Tahlequah Daily Press

Letters to editor

July 26, 2013

Father deserves child

TAHLEQUAH — Editor, Daily Press:

I am Steve Bruner, a citizen of the Muscogee Creek Nation. I have previously served on our National Council as speaker and second speaker. I am a retired Tulsa Police K-9 officer who was wounded while serving a search warrant. I dutifully served in the U.S. Army and am a Vietnam-era veteran. But most importantly, I am a father and a grandfather.

American Indians have served our country at a higher percentage than any other race of people, and my family has a long and proud history of wearing our nation’s uniforms. My father was in the Army Air Corps in World War II and Korea. My only brother fought in Vietnam, and my son proudly did his duty in Desert Storm I.

I do not tweet, call in to talk shows, or normally write editorial comments. However, I cannot in good conscience stay silent about the “Baby Veronica” situation.

My parents, both attended Chilocco Indian Boarding School. Last month, I visited Alcatraz Island and read a small placard, as merely a footnote to the Island’s history, which provided cryptic details of another dark time in our nation’s history involving Indian men trying to protect their children. I suspect very few people know the U.S. government imprisoned 19 Hopi men at Alcatraz for refusing to send their children to government boarding schools.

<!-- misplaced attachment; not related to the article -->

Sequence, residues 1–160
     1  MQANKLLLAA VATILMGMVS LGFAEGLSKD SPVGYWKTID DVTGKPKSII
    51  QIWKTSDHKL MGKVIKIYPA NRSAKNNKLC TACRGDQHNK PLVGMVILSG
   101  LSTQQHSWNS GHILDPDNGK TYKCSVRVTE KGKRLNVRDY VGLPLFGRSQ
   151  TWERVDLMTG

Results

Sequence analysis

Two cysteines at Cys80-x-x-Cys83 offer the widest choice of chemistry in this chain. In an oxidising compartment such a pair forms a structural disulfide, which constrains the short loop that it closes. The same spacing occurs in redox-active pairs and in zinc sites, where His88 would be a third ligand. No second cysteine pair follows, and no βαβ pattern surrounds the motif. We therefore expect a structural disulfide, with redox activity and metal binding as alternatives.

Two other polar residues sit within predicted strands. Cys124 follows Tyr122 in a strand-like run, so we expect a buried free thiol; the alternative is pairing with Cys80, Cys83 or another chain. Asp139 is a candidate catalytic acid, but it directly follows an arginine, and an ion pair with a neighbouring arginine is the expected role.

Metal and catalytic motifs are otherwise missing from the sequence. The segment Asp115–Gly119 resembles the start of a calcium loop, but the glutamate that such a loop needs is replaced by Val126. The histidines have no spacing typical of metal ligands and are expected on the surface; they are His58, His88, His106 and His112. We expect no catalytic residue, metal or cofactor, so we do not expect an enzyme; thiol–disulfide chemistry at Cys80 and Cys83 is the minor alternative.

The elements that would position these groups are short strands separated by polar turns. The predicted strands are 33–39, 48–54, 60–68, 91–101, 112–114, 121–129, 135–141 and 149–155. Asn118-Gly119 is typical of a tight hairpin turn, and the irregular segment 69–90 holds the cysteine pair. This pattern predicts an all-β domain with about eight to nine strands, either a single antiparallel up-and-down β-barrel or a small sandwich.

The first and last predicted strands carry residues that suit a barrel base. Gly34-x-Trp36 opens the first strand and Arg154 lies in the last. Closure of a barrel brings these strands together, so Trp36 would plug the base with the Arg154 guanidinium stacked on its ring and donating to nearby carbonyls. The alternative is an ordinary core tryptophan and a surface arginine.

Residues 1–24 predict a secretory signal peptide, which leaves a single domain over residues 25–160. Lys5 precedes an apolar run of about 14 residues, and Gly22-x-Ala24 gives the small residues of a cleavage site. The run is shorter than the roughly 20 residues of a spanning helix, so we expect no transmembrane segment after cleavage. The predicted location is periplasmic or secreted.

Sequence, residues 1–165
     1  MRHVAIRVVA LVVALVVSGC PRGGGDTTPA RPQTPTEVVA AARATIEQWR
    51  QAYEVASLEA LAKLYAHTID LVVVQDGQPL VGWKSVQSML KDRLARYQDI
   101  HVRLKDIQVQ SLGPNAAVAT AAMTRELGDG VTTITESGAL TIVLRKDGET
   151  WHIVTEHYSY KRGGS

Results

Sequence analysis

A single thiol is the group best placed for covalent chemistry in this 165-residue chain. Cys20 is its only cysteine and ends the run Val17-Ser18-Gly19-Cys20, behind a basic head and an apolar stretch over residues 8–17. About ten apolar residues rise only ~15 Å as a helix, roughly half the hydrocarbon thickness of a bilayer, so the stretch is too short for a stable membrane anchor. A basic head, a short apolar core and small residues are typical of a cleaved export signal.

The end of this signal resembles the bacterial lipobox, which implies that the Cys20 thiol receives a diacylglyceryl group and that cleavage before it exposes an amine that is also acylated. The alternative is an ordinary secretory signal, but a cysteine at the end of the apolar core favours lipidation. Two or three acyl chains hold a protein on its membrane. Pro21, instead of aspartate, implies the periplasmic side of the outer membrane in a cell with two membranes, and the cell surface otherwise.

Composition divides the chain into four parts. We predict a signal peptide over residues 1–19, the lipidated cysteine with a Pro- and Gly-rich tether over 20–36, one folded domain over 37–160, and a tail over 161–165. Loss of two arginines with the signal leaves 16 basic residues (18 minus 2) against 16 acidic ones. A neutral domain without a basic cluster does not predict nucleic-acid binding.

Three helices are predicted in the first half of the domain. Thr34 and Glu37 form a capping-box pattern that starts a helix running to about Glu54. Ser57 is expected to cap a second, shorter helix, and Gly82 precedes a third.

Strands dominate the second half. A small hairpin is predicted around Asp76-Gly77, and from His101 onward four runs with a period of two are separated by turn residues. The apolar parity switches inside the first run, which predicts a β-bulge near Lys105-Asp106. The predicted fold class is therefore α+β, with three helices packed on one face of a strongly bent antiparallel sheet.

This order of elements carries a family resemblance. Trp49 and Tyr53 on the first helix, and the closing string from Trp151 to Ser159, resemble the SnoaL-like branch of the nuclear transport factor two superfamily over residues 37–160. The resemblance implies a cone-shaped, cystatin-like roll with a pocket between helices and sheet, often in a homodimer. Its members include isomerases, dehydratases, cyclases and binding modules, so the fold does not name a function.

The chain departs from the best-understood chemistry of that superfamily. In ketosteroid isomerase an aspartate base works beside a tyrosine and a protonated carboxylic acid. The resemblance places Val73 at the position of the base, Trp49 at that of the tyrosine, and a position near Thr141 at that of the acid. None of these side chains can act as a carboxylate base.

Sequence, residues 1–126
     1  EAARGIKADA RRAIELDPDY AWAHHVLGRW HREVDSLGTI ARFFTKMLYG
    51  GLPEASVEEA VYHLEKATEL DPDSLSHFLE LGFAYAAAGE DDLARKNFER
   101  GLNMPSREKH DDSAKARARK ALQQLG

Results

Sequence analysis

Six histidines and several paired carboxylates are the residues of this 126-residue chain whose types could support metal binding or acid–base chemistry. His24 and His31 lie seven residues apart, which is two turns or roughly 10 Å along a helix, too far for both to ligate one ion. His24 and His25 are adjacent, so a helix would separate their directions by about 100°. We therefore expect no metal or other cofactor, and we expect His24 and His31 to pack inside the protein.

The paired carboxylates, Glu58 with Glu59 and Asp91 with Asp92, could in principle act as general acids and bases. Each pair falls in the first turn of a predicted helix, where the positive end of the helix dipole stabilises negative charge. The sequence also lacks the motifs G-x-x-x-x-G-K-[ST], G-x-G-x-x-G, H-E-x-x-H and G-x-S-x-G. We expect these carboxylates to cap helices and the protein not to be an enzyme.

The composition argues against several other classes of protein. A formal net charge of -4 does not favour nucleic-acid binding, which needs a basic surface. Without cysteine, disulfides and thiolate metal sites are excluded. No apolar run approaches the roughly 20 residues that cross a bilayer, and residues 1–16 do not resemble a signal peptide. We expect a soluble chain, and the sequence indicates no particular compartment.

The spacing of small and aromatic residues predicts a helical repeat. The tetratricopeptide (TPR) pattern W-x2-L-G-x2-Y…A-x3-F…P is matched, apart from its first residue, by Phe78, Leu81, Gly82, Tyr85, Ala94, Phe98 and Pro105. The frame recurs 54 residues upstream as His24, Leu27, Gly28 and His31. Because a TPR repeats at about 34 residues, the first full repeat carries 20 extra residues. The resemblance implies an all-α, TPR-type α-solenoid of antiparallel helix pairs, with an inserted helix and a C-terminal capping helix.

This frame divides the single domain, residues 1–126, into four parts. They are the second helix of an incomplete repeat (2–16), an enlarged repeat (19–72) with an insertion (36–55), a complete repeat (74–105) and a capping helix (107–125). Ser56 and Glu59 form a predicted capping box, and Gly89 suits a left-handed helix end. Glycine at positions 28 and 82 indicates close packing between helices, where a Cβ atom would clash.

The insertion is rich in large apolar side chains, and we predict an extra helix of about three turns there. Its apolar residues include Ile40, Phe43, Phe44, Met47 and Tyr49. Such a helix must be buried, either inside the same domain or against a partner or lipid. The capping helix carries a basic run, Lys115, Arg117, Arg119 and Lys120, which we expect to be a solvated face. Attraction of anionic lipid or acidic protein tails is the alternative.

It’s sad to realize that not enough has changed since those 19 Hopi men were imprisoned for trying to keep their children with them. What does the future hold for Veronica? What does it hold for her father?

... While Indians still suffer many misconceptions created by Hollywood stereotypes and sports mascots, which dehumanize Indians, I close with this quote from an 1879 case in which a federal judge ruled “an Indian is a person.” At the conclusion of the trial, Ponca Chief Standing Bear raised his right hand said, “That hand is not the color of yours, but if I prick it, the blood will flow, and I shall feel pain. The blood is of the same color as yours. God made me, and I am a man.”

Let’s all hope that one of our nation’s warrior’s children is not ripped from his arms.  Let’s all hope that everyone does the right thing “for the sake of the child.”

And let’s all hope that those of us who normally do not express our feelings and outrage at the wrongs that sometimes occur in our free society don’t stand by and allow another wrong to be perpetrated.

I have heard that “we preserve history so it does not repeat itself,” so I hope that is true. God Bless America.

Bim “Steve” Bruner

Tahlequah

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